It is not my fault if the general public can't be bothered learning enough about science to tell the difference between "facts" and "widely held assumptions" or "popular hypothesis".

And creationism has nothing to do with science except as something to talk about in the pop culture and sociological realm. It has, literally, nothing to bring to the field.

The Left and the Right no longer share a set of epistemic assumptions which permit them to recognize the factual content of the others' discourse. There is no longer a shared set of assumptions which permit us to recognize truth statements without examination.

This, I suggest, is a problem.


As far as I know there never was a set of shared assumptions that allowed seamless decision making based on "known facts" discovered by universally supported scientific inquiry, in the US or elsewhere.
posted by fshgrl at 12:47 PM on November 28, 2009


HP LaserJet P10006, you still aren't getting it. What's being done here isn't really sociology of science but history of science. Shapin, Shaffers, Johns, etc. are looking at how the scientific community itself came to deal with the generation and transmission of facts. Forget for a minute the distinction between the scientific community and the larger society of which the scientific community is a subset. In the seventeenth century, the mechanisms for scientists to take each others' word for things had not been established.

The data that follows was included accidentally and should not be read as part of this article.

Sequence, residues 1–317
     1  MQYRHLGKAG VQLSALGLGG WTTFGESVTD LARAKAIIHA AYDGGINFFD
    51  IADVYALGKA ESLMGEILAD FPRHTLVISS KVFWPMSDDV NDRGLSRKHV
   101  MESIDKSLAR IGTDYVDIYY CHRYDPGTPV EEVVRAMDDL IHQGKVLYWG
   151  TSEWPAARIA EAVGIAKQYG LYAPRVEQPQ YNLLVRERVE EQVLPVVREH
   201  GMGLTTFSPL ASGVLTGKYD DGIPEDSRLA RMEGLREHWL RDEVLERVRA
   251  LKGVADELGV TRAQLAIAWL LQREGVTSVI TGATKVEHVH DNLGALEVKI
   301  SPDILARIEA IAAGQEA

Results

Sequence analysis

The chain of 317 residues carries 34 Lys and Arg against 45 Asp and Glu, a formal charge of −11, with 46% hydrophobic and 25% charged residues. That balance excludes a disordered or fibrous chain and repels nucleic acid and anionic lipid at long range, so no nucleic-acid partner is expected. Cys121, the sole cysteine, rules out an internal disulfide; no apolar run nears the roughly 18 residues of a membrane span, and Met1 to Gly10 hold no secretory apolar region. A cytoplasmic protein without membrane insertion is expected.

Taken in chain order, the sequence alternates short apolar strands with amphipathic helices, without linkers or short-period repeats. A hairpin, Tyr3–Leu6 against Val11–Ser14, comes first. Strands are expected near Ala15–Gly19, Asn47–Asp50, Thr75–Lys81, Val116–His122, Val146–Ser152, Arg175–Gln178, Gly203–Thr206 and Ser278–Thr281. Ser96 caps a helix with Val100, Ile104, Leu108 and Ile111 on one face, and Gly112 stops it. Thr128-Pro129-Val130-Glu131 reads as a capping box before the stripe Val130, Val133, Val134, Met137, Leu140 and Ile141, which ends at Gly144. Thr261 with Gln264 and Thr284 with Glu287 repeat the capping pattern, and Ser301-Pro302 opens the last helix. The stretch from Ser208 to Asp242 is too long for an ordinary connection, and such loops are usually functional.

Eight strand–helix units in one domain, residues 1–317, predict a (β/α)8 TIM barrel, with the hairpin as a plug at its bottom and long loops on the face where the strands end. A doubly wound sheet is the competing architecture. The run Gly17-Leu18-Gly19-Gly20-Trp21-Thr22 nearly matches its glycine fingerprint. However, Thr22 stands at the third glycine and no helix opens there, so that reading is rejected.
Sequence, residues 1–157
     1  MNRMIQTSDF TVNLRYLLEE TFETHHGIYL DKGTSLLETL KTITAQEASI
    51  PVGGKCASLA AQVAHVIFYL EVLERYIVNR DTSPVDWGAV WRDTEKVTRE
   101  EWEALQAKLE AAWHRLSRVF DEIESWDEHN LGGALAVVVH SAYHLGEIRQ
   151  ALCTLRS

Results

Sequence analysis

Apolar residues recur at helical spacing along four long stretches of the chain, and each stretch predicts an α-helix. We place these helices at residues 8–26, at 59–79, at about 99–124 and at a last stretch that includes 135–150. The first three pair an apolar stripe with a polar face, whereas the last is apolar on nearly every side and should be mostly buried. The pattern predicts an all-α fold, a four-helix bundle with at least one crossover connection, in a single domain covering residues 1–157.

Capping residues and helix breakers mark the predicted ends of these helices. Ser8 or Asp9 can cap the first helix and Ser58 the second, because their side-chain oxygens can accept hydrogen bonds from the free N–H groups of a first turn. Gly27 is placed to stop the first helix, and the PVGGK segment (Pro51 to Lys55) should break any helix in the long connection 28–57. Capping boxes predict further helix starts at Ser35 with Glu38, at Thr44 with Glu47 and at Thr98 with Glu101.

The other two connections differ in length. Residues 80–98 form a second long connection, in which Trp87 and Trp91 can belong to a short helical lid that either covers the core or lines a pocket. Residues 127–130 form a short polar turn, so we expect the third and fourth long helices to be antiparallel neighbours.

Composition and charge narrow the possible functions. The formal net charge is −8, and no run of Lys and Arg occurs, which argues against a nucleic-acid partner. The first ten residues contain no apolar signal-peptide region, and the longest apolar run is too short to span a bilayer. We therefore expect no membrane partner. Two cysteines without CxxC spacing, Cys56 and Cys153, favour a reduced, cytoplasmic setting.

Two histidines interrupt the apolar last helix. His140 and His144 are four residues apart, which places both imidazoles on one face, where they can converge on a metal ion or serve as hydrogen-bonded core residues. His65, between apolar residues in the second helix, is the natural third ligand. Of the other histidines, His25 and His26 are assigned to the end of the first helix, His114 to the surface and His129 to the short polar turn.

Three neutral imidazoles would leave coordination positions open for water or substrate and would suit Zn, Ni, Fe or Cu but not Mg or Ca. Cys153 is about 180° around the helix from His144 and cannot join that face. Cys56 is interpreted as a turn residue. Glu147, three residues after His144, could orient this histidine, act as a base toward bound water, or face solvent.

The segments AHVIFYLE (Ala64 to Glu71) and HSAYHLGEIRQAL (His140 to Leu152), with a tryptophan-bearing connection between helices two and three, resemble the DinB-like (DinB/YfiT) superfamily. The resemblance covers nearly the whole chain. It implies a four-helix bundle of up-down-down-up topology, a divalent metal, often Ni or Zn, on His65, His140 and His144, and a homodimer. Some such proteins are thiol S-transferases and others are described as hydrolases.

Again, take it down to the most fundamental level. If you are engaged in the project of trying to apply empiricism to the natural world, whether or not you can accept any assertions about the natural world which you have not made yourself is a significant problem. It took a few centuries to develop a scientific methodology which was sufficiently well-established to enable scientists to take each other's work at face value.

Take your example, "Stable isotopes do not exhibit radioactivity." I believe that statement to be true--by definition if for no other reason--but I don't know that in the same way that a physicist knows it, and biologists don't know it in that way either. There is an incredible amount of trust going on in accepting such a statement. Shapin etc. are not attempting to say whether or not this trust is warranted, nor are they attempting to compare it to other forms of trust, e.g. faith. Rather, they are simply pointing out that unless you yourself have made every observation required to reach such a conclusion, you are taking someone else's word for it, and the epistemic mechanisms which permit that trust are neither automatic nor unimportant.